Martin Bain the type to "belittle support involvement" - insight from former Rangers Supporters' Trust spokesman

I spoke to David Edgar, a former spokesman for the Rangers Supporters’ Trust; in his time in that role he had to work with then Rangers director, Martin Bain, the current CEO at the Stadium of Light.

by Ethan_Thoburn Friday, 24 November 2017 11:46 AM Comments

I spoke to David Edgar, a former spokesman for the Rangers Supporters’ Trust; in his time in that role he had to work with then Rangers director, Martin Bain, the current CEO at the Stadium of Light. 
WAW: Firstly, what positives did Martin Bain have?
David: “Erm… He was confident I suppose (some might say smug), very assured and he did everything the owner told him to. Bar that I’m not really sure there is much. The owner made all the decisions, Bain was very much a factotum.”

WAW: Was he a tough bloke to deal with, and did he take on board new ideas from fans? 
David: “Yes, he was tough to deal with. He viewed supporters as a necessary evil and a bit of a pain in the backside to be honest. He was very much the type to belittle supporter involvement. His view seemed ‘pay your money, take your seat then shut up and leave the running of the club to the experts.'”
WAW: Was Martin Bain a ‘yes man’ for David Murray and what influences did he have on the chairman?
David: “Huge yes man. Had no influence on Murray whatsoever.”
WAW: What role did he have in terms of recruitment at Rangers? 
David: Again that was Murray who did all that. Bain would be involved in negotiating the contracts once it was agreed but Murray made the decisions. Murray was a deal junkie, he loved putting them together; once everything was agreed, Bain’s job was to basically ‘cross the Ts’ and dot the Is’.”
WAW: What kind of relations, as a fan and member of the RFCST, did you have with Bain? 
David: “He thought I was a glory-hunting 'rentaquote', I thought he was smug, over-promoted marketing guy who suffered from ‘Doctor’s receptionist syndrome’: I work for someone important therefore I’m important too. Interpersonally, I once referred to him as ‘Smithers’ after the Simpson’s character, on a radio show and he never forgave me. Our discussions were usually antagonistic, unless he wanted something when he would be very chummy. He found me mouthy, I found him oily. We were probably both right!”
WAW: Do you think he’s played a good hand in appointing Chris Coleman at Sunderland, or just luck?
David: “Given the trouble Sunderland had in the summer and who they ended up with, Coleman is a definite upgrade. As CEO, if he took the blame for the McInnes knock back and Grayson appointment, he should take credit for this. My concern if I were a Sunderland fan, is that this guy isn’t a visionary or someone who has a plan for the club and follows it through. He’s a guy who takes instruction from above and implements unpopular measures like cost cutting and is happy to act as a shield for the owner. Time may prove wrong but that’s his track record.”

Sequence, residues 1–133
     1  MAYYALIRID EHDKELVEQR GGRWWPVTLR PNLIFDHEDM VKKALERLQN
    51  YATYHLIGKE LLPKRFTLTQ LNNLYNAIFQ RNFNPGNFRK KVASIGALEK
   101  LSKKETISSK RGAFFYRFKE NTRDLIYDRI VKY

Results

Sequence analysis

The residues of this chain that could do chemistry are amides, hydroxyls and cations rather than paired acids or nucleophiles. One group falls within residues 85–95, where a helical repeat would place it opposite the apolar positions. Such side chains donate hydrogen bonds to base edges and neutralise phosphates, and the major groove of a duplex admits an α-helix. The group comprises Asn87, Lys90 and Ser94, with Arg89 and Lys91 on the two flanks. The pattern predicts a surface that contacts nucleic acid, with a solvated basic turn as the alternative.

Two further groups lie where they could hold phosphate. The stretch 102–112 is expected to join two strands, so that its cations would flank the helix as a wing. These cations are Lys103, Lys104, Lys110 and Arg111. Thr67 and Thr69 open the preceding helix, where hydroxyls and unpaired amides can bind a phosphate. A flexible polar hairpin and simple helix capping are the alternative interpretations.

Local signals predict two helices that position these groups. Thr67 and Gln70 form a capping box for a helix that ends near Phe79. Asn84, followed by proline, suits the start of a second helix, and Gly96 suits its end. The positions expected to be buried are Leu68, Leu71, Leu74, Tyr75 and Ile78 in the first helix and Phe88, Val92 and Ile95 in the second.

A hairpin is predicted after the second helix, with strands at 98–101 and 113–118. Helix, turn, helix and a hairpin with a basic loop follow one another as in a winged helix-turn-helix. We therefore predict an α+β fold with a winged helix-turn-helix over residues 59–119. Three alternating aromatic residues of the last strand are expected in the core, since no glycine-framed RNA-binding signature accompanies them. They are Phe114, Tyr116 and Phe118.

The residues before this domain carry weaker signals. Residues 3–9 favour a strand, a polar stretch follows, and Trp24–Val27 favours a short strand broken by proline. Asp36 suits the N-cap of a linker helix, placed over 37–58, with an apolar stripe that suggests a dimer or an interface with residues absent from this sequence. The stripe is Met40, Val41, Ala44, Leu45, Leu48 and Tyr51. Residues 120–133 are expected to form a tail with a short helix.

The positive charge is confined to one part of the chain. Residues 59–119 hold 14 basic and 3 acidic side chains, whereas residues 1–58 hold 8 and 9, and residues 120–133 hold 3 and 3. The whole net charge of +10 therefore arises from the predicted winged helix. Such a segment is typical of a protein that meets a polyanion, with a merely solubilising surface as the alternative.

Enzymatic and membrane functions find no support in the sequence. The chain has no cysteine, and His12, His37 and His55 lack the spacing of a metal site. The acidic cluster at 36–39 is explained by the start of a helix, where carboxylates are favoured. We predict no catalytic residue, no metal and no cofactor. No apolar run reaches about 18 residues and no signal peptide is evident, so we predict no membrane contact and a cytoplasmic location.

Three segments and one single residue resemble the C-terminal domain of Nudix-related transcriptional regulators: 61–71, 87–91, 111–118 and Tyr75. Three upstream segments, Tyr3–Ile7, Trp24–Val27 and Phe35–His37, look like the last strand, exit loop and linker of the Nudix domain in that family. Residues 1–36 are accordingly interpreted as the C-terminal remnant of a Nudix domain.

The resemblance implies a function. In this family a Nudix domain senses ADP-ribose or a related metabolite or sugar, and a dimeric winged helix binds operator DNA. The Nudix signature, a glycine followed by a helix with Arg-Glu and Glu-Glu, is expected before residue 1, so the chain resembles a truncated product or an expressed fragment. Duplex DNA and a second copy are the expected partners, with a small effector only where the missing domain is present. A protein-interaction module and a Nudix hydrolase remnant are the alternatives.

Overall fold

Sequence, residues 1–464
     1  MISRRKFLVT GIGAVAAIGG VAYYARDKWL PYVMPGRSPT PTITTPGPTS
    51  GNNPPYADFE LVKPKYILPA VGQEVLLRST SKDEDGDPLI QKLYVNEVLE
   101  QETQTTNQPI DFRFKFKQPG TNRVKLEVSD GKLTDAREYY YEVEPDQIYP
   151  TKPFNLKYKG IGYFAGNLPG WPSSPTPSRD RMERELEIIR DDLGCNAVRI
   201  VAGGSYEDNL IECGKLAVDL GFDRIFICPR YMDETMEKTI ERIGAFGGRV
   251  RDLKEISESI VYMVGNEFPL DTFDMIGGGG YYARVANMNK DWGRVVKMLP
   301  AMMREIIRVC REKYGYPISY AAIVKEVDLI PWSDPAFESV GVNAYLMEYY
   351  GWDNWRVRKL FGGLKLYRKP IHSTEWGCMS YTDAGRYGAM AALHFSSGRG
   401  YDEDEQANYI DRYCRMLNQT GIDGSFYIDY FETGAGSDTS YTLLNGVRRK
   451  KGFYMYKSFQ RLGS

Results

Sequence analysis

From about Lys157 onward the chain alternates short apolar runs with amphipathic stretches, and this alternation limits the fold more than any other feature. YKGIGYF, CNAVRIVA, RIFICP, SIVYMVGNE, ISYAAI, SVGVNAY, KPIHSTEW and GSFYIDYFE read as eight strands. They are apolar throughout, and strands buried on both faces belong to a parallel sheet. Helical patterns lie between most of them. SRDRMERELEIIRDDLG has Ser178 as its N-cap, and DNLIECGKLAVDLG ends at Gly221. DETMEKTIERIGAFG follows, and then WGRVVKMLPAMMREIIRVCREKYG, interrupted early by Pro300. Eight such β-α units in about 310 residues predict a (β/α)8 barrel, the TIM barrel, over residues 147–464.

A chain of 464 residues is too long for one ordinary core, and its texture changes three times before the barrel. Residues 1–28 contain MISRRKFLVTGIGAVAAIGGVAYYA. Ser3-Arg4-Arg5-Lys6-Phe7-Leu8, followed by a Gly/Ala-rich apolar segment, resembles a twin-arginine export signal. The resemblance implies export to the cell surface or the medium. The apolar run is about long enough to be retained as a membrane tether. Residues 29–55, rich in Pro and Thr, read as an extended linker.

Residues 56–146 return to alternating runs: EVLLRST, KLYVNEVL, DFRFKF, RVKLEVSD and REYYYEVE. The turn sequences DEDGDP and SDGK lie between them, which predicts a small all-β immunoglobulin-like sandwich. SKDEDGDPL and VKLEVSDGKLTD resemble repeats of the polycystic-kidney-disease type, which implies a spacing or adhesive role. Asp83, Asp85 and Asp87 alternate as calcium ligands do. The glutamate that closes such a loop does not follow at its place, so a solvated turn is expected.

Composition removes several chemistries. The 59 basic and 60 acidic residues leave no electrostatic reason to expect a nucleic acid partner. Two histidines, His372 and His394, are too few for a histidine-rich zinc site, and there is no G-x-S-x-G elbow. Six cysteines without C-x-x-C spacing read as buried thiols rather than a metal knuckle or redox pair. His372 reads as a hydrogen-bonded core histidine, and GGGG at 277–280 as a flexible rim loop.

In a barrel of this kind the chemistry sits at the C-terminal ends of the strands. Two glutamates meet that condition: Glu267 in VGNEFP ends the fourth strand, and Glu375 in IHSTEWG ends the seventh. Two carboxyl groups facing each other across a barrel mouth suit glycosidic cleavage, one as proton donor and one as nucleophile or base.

Personally, I think credit where credit is due and Bain should take some praise for the Coleman appointment, but should be very heavily criticised for the David Moyes situation, McInnes turn down, as David mentioned, and the Grayson appointment. 
Coleman may not have the best record but he is certainly the best candidate for the job, his achievements with the Wales national team were incredible, especially in Euro 2016. He may not have ripped up any trees at Fulham or Coventry but he certainly knows how to set up a team. For example, in the European Championships he set up Wales in such a way to beat an extremely strong Belgium side. 
In his first interview as Sunderland manager, Coleman said that he will “have to sell to buy”, this is certainly a lot more honest from the club than in the summer; Grayson claimed we had a mid leveled Championship budget, though we ended up with the seventh lowest spend.
I think that Coleman is an articulate bloke who knows how to express himself; he knows how to deal with the press as seen from his first press conference. What he said in the presser didn’t seem to be ‘all talk’ like we saw last season from Moyes, Coleman seems genuinely interested and knows his position and is confident - which is what we need at the moment. 

Next week I have interviews with two former Sunderland players - keep your eyes peeled.
Finally, I’d like to say thank you again to David Edgar, who runs a Rangers podcast, for any readers who also support Rangers – you can find that at, you can also follow David on Twitter @ibroxrocks 

Feel free to contact me on Twitter or Instagram @ethan_thoburn